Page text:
You already know many of these, about how storytimes for the youngest ones are:

  • exposing children to a rich language experience,
  • modeling language play to the adults who love and care for these kiddos,
  • teaching rhymes, fingerplays, songs, and simple games to adults to share when they leave the library,
  • teaching adults through tips about the importance of early literacy.

That’s certainly not an exhaustive list, yet it covers a wide range goals for baby and toddler storytime.

Here’s one that’s easy to overlook though. 🙂

After storytime, mom’s checking out. She asks me, “Can you recommend any good books?”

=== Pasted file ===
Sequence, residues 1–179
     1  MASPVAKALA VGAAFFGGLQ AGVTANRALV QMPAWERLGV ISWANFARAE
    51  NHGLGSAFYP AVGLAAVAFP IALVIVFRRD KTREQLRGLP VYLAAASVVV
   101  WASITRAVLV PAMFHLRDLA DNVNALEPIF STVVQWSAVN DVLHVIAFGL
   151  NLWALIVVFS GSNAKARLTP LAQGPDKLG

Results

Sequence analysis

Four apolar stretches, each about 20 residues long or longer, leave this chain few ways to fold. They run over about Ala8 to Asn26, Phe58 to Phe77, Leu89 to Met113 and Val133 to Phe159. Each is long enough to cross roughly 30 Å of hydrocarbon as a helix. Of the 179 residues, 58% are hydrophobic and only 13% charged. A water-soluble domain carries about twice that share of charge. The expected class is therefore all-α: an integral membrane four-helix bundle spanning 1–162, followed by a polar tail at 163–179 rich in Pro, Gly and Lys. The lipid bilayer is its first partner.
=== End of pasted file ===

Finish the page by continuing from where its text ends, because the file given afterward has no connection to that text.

I paused. “For you or for the kids?” I asked.

“For me. I just started reading recently and I’m still figuring out what to read.”

Oh my! It was all I could do not to race around and give her a gignormous hug!

She didn’t tell me that all she’d seen and heard and done in storytimes (she has two kids and so has been coming for years) encouraged her to take up reading. But I truly believe it played a part.

And the best part? Her children will grow up to be readers now!

So on the days you’re feeling like you’re just filling twenty minutes up with silly, inconsequential nonsense, remember her. You both deserve one of those hugs!

Babette

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